If I were a Swan

Jessica Baylón Robles; 02/26/2019

Kevin Puts

If I were a Swan (2012)

Choral work

When I listened to several of Kevin Puts’ works, my impression of his instrumental works was like he wanted to mix the classical style of composition with a style of film music such as the composers John Williams or Ennio Morricone.

The work I selected was a choral work that begins with a chorus of female voices divided into 3, started with the vowel “I” which provides a very bright color to the first chord, so it gives a first impression that the work is just going to be a choral work only for female voices, because it also uses a pedal note in the most low string of female voices.

The first dynamic that uses is piano with some crescendos and decrescendos.

The chords are formed by the entry of a single note, and then adding one by one the others to create the harmony.

Throughout the piece there are imitative melodies, where the text is overlying like a canon style, and even though the text is difficult to understand in some parts (because the composer uses higher notes when has words like “Sky” or “high” in the text of the poem), there are some other parts where we can understand the text very well, because it is also first presented by the melody of a single voice that is then followed by the other voices.

After a few bars we can hear the entrance of male voices and we can predict that then the work is made up of 6 voices, because after listening to the first 3 voices of women we can intuit that we need an equivalent number of voices for the work in general.

When masculine voices are added the color of the timbre in the work becomes darker and the range of notes reached is more extensive. When these masculine voices are added is when the word “darkness” is mentioned in the text of the poem, and the harmony moves towards a minor key.

In this first section, each voice enters different times of the beat, but the rhythm is very clear and we can easily follow the rhythmic pattern.

It is when it mentions the word “turbulences” that the entries of each voice change, and if the entries were in the strong time, they are now in a syncopated time giving this illusion of “turbulence” to the sound waves of the music.

When it says the word “spreading” also in the voices is heard how the chord opens, giving it a sound resembles in our auditory sense a spreading of sound.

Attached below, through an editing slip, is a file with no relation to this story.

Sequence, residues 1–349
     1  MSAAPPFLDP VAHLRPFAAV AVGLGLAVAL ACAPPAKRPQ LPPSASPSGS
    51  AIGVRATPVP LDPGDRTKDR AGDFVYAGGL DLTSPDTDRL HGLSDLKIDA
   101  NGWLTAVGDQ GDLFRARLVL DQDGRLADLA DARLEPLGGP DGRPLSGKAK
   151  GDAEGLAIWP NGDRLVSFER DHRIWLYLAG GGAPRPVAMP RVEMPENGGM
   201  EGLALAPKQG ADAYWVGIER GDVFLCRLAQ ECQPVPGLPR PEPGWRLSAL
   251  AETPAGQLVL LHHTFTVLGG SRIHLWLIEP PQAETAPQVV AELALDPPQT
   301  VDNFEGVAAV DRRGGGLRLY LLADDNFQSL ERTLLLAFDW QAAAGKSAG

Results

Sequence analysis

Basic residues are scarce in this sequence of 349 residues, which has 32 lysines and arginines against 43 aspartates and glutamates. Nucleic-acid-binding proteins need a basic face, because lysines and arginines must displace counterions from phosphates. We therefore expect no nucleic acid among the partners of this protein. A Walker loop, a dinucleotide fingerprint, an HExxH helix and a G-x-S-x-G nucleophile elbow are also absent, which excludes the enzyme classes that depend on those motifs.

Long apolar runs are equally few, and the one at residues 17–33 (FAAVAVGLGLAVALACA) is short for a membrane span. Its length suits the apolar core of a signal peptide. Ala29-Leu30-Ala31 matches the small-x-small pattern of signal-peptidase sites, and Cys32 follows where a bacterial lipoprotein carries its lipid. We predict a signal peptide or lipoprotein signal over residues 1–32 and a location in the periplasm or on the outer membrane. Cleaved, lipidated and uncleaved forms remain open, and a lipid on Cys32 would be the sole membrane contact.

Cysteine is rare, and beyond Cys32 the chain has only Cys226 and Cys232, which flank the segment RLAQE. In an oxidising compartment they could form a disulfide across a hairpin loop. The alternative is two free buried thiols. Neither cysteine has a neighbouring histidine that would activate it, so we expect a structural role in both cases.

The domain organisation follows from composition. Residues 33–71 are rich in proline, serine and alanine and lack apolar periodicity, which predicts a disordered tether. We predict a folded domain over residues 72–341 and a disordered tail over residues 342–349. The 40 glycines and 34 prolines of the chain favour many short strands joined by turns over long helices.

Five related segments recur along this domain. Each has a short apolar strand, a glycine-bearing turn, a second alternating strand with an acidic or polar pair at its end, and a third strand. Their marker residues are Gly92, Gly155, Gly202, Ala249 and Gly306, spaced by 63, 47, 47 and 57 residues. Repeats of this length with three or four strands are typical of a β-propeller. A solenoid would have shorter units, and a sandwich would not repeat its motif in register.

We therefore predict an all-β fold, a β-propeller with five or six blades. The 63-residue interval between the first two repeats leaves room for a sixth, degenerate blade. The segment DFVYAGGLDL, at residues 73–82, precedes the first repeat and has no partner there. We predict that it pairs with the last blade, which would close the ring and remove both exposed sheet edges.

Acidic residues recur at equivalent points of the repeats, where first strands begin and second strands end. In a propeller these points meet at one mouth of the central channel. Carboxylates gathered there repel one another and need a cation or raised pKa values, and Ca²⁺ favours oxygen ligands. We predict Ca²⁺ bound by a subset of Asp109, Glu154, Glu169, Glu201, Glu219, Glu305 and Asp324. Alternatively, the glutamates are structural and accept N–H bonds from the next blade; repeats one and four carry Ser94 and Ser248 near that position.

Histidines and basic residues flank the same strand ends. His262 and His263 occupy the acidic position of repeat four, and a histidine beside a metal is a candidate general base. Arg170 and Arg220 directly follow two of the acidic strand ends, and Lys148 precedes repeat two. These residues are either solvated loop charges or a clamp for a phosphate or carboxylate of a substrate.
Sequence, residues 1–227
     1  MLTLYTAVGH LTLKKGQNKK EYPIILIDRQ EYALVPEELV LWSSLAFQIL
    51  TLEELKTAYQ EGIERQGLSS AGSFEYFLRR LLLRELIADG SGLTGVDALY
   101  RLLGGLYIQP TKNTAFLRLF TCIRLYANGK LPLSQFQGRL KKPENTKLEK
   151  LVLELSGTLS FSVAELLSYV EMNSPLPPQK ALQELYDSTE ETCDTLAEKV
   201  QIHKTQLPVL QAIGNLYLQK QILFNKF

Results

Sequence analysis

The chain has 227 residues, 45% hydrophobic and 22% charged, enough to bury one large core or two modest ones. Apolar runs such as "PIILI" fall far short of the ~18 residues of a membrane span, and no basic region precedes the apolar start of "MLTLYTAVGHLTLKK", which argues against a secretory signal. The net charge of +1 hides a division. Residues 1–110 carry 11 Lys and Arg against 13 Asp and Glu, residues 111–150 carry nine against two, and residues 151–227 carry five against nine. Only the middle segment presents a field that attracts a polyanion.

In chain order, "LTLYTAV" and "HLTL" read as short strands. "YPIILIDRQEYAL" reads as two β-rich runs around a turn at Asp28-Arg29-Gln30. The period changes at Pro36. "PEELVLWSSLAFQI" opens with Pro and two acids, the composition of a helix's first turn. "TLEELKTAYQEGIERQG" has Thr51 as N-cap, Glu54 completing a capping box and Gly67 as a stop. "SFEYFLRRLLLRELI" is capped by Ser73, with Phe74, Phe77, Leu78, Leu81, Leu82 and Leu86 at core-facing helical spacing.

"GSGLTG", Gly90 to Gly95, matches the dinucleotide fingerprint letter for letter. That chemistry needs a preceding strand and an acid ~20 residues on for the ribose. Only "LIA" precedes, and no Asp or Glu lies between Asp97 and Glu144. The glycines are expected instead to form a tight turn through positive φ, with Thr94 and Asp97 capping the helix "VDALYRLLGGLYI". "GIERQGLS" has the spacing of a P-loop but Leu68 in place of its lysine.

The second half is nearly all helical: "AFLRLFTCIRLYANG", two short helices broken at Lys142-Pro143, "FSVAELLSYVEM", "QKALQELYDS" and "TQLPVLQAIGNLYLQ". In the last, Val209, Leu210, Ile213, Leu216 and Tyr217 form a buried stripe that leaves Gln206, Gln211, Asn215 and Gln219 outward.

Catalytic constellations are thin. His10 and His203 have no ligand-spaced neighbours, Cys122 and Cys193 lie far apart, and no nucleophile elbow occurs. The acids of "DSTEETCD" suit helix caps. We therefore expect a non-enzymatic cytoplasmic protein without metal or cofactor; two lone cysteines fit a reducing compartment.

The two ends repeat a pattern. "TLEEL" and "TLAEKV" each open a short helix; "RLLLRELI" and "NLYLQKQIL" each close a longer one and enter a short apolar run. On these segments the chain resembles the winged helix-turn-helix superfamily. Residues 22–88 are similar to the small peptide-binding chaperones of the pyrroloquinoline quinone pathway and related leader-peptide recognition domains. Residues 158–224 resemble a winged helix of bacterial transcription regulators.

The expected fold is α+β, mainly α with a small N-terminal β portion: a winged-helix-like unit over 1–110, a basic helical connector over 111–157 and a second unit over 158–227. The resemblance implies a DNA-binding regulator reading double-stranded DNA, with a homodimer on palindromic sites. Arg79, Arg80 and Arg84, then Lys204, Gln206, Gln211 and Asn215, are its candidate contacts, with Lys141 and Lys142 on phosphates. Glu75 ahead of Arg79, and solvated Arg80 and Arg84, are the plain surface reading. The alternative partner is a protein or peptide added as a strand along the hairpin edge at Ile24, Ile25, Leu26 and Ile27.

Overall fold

The first section concludes when the composer adds a percussive rhythm to some strings of voices, including short syllables with more consonants instead of continuing to sing melodies over extended vowels, which gives the auditory illusion of drops, which hints at the “rain” that is also mentioned in the poetic text, while there is a melodic theme sung by male voices.

In the second section we need to focus on the internal voices, as the voice of alto and tenor, to be able to understand the text well, because the soprano, who is the voice that normally has the melody, in this work in my opinion plays more a role of ornament about the real melody.

All the voices use a tone without vibrato, in order to appreciate the quality of the chords and have a better established tuning and is easier to maintain it.

The timbre of the voices is very homogeneous and the tenors use the falsetto voice most of the time to sing their high notes to match or blend with the choral ensemble.

It is clear that the composer knows about the vocal technique or that he asked for advice from some pedagogue of the voice, because he always uses the correct vowels according to the emission that is needed in certain notes in the human voice and we can notice it at the end of the work when uses the vowel “U” in the final diminuendo, which is a vowel that helps to control the expulsion of the air and that facilitate for the singer the achievement of that effect, although it also seems that in this interpretation some members of the choir are silenced being alone with some of the members singing to achieve a more contrasting effect.

The harmony that is used and developed throughout the work is very traditional, with some more complex chords but it does not involve serialism or some modern 20th century composition style, nor is it an atonal work at any time.

It is a song with a duration of approximately 6 minutes and that is divided into 3 sections which always start only with the female voices and then the male voices are added.

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